The Wine-Dark Sea

The Wine-Dark Sea

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by Leonardo Sciascia
     
 

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Leonardo Sciascia was an outstanding and controversial presence in twentieth-century Italian literary and intellectual life. Writing about his native Sicily and its culture of secrecy and suspicion, Sciascia matched sympathy with skepticism, unflinching intelligence with a streetfighter's intransigent poise. Sciascia was particularly admired for his short stories, and…  See more details below

Overview

Leonardo Sciascia was an outstanding and controversial presence in twentieth-century Italian literary and intellectual life. Writing about his native Sicily and its culture of secrecy and suspicion, Sciascia matched sympathy with skepticism, unflinching intelligence with a streetfighter's intransigent poise. Sciascia was particularly admired for his short stories, and The Wine-Dark Sea offers what he considered his best work in the genre: thirteen spare and trenchant miniatures that range in subject from village idiots to mafia dons, marital spats to American dreams. Here, in unforgettable form, Sciascia examines the contradictions—sometimes comic, sometimes deadly, and sometimes both—of Sicily's turbulent history and day-to-day life.

Editorial Reviews

Herbert Mitgang
Probably the best introduction to [Sciascia¹s] work are the stories in The Wine Dark Sea.—The New York Times

Product Details

ISBN-13:
9780940322530
Publisher:
New York Review Books
Publication date:
10/28/2000
Series:
New York Review Books Classics Series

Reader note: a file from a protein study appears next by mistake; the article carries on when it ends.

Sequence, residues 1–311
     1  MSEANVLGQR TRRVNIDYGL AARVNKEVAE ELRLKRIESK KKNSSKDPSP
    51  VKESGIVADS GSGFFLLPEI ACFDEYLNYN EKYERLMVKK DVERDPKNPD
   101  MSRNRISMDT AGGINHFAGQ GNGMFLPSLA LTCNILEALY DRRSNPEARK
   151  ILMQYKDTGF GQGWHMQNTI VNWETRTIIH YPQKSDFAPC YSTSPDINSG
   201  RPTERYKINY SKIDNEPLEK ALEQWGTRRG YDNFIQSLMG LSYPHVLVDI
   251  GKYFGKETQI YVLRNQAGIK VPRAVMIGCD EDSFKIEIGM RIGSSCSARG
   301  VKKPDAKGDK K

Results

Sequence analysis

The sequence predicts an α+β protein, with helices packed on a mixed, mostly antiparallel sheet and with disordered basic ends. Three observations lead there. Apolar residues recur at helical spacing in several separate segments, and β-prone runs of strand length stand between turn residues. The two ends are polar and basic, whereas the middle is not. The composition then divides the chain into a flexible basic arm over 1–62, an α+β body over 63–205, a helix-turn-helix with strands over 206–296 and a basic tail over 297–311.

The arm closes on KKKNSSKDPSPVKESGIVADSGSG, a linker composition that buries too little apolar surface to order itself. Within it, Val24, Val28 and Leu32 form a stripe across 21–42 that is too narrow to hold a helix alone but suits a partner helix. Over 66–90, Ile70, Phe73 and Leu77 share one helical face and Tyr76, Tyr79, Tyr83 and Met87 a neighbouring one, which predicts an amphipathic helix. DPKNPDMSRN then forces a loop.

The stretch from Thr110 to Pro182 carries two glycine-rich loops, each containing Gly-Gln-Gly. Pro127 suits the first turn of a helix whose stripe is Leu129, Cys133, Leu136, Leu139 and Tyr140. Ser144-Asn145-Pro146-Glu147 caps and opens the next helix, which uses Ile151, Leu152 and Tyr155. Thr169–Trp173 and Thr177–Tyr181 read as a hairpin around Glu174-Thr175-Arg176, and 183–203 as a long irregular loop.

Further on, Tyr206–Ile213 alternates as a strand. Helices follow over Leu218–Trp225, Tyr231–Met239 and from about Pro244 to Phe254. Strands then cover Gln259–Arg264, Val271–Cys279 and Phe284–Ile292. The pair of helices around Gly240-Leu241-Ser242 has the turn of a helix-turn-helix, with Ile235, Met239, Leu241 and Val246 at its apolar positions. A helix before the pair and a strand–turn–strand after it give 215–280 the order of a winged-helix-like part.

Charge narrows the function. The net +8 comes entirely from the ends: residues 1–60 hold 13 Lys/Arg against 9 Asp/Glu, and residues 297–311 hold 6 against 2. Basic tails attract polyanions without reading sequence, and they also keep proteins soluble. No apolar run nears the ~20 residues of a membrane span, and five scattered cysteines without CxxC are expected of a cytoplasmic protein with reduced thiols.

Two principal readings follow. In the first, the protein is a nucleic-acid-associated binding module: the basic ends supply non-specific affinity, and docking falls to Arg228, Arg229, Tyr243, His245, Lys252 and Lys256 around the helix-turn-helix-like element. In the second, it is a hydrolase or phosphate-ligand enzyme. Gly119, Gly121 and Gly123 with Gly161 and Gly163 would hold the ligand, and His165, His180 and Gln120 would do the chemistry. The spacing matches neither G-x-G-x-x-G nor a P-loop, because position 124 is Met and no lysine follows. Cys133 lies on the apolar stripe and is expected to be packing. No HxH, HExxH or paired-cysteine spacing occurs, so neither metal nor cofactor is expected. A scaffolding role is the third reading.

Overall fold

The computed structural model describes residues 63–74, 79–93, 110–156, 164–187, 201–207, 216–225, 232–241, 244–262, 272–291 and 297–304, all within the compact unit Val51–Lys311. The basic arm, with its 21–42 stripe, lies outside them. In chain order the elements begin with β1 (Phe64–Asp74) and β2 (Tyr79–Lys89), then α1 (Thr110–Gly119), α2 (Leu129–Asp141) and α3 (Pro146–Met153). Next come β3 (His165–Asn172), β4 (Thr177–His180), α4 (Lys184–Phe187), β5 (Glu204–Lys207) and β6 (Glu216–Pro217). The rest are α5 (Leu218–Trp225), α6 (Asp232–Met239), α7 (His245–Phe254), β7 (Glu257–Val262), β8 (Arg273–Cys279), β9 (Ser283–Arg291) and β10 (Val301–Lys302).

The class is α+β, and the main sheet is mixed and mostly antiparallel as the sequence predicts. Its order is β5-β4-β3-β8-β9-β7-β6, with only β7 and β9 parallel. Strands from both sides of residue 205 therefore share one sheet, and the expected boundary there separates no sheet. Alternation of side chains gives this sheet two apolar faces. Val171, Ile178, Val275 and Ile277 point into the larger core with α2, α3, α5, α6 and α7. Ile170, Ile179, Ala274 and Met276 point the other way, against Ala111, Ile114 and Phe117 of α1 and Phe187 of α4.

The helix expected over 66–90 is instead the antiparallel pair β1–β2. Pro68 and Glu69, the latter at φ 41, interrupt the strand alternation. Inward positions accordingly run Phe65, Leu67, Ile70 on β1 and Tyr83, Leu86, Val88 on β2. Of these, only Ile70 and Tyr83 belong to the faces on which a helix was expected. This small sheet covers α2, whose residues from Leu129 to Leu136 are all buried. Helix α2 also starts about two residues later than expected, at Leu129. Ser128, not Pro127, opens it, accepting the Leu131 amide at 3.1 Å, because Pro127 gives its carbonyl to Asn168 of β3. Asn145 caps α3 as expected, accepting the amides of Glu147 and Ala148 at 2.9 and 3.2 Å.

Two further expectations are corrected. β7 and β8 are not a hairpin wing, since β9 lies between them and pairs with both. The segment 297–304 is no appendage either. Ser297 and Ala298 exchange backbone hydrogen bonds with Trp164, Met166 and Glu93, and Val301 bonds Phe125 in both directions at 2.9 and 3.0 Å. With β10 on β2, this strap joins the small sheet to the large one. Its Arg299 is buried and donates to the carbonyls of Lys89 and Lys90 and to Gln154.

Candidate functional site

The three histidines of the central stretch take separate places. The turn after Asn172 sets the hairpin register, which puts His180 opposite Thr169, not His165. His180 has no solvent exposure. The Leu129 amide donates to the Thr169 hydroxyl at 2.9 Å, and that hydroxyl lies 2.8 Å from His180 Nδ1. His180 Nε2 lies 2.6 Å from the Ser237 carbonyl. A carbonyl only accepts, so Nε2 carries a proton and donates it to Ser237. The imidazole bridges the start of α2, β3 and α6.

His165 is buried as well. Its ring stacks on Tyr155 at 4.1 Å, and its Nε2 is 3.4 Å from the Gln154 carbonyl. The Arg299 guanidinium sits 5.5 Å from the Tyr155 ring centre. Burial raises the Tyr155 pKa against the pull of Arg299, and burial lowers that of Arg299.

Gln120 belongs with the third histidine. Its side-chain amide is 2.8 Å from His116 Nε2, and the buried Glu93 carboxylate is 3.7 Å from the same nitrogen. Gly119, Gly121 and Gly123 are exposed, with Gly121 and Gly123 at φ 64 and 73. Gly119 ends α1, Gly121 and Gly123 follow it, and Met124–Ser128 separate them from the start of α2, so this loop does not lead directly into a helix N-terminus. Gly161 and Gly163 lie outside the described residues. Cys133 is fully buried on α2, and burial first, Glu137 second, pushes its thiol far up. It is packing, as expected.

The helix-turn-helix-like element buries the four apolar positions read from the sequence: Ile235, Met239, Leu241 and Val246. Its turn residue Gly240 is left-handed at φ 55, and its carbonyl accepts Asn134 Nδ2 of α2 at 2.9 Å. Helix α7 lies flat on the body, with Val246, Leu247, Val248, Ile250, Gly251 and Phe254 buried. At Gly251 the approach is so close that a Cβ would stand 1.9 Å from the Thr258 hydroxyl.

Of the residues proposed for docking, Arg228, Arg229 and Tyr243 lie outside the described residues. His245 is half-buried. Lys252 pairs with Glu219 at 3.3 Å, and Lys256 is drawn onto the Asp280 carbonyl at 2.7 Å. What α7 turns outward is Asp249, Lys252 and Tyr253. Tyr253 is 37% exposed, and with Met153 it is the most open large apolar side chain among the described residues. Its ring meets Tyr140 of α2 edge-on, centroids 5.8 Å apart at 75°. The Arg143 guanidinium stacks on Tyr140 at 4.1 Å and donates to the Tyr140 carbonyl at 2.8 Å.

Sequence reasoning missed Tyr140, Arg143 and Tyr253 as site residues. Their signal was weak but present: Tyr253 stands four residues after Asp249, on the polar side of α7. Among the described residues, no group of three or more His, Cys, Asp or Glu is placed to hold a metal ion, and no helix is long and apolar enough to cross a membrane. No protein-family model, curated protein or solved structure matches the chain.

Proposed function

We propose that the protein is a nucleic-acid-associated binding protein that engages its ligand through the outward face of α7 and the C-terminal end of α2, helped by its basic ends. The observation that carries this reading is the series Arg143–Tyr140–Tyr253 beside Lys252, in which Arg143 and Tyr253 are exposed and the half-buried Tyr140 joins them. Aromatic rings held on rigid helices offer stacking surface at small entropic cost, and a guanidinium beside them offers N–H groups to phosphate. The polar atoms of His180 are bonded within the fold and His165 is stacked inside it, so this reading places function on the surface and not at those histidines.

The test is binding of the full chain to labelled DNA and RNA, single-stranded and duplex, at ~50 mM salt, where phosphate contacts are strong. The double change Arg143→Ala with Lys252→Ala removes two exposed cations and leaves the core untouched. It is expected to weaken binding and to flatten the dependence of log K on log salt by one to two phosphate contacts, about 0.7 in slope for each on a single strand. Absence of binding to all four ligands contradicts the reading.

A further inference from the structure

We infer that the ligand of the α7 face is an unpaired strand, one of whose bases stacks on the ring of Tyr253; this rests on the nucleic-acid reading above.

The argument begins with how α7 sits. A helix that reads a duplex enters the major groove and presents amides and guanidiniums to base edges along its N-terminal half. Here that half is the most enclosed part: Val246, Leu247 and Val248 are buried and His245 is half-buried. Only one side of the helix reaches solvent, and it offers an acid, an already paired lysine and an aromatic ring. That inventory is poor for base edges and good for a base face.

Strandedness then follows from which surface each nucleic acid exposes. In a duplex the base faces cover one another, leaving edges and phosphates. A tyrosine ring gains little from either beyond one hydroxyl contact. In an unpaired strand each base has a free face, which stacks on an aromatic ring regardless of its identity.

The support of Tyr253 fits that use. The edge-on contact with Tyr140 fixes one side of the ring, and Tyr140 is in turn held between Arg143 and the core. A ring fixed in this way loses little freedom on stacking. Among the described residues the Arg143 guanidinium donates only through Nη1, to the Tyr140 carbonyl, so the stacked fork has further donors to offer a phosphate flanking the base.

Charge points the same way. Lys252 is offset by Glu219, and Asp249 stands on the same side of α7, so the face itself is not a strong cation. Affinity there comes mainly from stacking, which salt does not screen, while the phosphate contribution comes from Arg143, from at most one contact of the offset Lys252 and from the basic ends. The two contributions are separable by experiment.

Pages:
224
Sales rank:
757,875
Product dimensions:
5.00(w) x 7.97(h) x 0.56(d)

What People are saying about this

Luigi Barzini
Perhaps the best of [recent Italian novelists] is Leonardo Sciascia...[Sciascia] has such deep roots in his native island that his books...seem to have written themselves out of family recollections, the reminiscences and gossip exchanged in the piazza...His incandescent hatred of evil, his love of liberty and reason shine through his tranquil, spare prose.

Meet the Author

Leonardo Sciascia (1921-1989) was born in Racamulto, Sicily. Starting in the 1950s, he established himself in Italy as a novelist and essayist, and also as a controversial commentator on political affairs. Among his many other books are Salt on the Wound, a biography of a Sicilian town, The Council of Egypt, an historical novel, and Todo Modo, a book in a genre that Sciascia could be said to have invented: the metaphysical mystery.

Albert Mobilio is a poet and critic. His books of poetry include Bendable Siege and The Geographics, and his criticism has appeared in Harper’s, The New York Times Book Review, and The Village Voice. In 1999 he won the National Book Critics Circle award for excellence in reviewing. He teaches at The New School.

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